Dinosaurs: A Novel by Lydia Millet: ‘You can do your best all your life’  

Cover image for Dinosaurs by Lydia MilletI spotted Lydia Millet’s Dinosaurs on NetGalley, pleased to be reminded of how much I’d enjoyed Oh Pure and Radiant Heart many moons ago. This subtle, understated novel follows Gil who’s decided to put his New York past behind him and move to Arizona, captivated by footage of the Arizonan landscape, and having nothing better to do, decides to walk there. 

Lane’s memory took up the space where new affection might live. Lost and aimless, like a faithful dog.  

Confused by the disappearance of its master. 

After five months of walking across his country, Gil arrives at his castle-like new home and gazes across at the elegant, empty modernist glass house next door. Shortly after, a family moves in, walking around their beautiful glowing home as if on stage. Ardis pops over with a freshly baked peach pie reminding Gil of a 1950s housewife which she clearly isn’t. Gil finds himself drawn into this handsome family, asked by Ardis if he might play basketball with ten-year-old Tom who’s missing his friends. Gil’s a little awkward, unused to being around children, but is soon at ease. He’s a man with few friends, an orphan raised by his grandmother who found himself suddenly wealthy at eighteen when the family trust paid out but he’s always worked, albeit as a volunteer. Over the course of the next two years, Gil becomes part of a community, making friends in Arizona, and losing one in New York, hesitantly edging towards a new relationship, Ardis and Ted’s family a beacon of happiness shining brightly across the way. Nothing is perfect, however, not least the hunter who is shooting the beautiful birds flitting through his garden Gil has come to love. 

Real people didn’t move much, though. They stayed on trajectories. Believed in ghosts and God, both quite invisible.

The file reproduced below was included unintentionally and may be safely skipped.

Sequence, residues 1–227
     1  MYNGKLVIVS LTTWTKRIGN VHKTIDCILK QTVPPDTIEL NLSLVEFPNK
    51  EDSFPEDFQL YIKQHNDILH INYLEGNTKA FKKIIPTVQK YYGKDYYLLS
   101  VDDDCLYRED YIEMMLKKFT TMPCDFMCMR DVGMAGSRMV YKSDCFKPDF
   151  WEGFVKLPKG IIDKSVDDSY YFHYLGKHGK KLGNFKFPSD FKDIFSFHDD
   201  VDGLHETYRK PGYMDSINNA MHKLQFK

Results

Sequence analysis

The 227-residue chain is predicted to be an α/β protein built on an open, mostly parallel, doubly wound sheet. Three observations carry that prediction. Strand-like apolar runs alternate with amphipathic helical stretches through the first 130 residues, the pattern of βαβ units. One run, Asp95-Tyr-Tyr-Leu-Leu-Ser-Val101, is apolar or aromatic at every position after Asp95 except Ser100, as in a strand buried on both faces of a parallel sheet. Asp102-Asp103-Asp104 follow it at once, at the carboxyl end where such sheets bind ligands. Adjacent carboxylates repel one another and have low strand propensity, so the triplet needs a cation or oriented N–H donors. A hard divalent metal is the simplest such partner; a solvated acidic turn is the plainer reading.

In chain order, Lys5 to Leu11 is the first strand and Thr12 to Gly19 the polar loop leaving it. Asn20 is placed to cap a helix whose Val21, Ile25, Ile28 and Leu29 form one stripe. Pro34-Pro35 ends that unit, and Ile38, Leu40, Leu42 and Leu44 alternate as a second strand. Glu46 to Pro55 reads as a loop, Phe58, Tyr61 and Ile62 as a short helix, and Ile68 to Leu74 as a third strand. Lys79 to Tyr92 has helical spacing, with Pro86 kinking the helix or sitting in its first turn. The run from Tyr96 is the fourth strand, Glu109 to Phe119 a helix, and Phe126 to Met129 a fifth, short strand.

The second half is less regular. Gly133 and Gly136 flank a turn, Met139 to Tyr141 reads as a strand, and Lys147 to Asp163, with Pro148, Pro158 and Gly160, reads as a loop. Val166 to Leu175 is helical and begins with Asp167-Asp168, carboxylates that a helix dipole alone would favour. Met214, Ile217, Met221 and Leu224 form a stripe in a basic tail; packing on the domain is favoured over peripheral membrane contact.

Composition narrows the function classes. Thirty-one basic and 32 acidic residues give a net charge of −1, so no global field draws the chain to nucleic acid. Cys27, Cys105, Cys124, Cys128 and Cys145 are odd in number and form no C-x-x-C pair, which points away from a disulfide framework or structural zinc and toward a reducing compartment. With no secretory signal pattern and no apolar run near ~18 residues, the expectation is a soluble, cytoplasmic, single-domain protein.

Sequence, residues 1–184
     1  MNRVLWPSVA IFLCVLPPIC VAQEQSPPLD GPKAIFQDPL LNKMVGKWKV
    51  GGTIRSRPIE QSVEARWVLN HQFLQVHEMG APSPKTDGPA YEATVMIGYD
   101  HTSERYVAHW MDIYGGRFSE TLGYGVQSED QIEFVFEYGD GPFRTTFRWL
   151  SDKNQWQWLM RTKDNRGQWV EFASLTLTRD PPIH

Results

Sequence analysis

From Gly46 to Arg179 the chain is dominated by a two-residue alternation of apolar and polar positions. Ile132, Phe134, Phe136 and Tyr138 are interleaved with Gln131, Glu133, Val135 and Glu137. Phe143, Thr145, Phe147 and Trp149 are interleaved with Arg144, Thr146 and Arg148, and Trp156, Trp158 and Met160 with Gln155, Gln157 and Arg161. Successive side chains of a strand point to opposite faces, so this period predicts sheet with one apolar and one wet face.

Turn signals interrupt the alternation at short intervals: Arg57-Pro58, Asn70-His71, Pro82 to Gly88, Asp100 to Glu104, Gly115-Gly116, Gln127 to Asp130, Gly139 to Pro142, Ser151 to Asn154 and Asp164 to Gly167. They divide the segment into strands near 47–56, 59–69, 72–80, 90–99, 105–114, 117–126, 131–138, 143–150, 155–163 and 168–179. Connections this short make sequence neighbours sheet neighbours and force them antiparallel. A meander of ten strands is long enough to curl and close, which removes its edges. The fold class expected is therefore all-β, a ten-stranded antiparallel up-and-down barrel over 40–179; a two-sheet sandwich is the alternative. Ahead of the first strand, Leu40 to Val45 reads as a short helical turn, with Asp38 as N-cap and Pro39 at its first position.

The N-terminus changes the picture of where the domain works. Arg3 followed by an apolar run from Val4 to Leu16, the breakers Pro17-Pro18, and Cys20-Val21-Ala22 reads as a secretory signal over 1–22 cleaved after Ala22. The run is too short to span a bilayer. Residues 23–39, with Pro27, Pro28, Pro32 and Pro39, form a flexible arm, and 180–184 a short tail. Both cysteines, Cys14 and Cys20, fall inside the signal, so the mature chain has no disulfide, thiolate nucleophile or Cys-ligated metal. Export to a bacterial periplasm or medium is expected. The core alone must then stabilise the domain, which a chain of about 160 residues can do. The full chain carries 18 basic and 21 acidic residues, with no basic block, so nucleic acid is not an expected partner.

But danger, danger and the need for movement, the need for action, those they didn’t see. Refused to believe in.  

A multitude of themes underpins Millet’s novel – state of the nation, violence against women, family, friendship and coupledom, nature and our destructive interference with it not least climate change – to name but a few, all explored with a light touch. We see events from Gil’s perspective: compassionate, at first socially awkward, embarrassed by his wealth, gentle, well-meaning and idealistic, he’s a man who listens, learns and grows. It’s an unusual portrait of masculinity; I kept expecting him to meet with a terrible end or for some ghastly revelation to be made about his nature but Millet’s too subtle for that. Gil’s newfound appreciation of nature gives rise to some beautiful descriptions of the Arizonan landscape and the birds that populate it. I thoroughly enjoyed this thoughtful, contemplative novel whose gentle humour reminded me a little of Katherine Heiny’s Early Morning Riser. It made me want to track down more of Millet’s backlist.

W. W. Norton and Company: London 9781324021469 240 pages Hardback (read via NetGalley)

17 thoughts on “Dinosaurs: A Novel by Lydia Millet: ‘You can do your best all your life’  ”

    1. Bit of an obscure one for them, I suspect. I liked its positive masculinity thread even if I was expecting him to be shot at any minute or, alternatively, pull out a gun himself!

  1. It does sound very much like something sinister is about to happen – like everything in his new life so far is going too well. Ha!
    I love that he walks to his new home. Is his walking experience part of the narrative?

    1. Oddly, not! He makes the decision and then he’s there, having acquainted himself with the state of his nation. It’s so rare that men are portrayed quite so positively that I’d convinced myself he was either going to do something monstrous or meet a miserable end.

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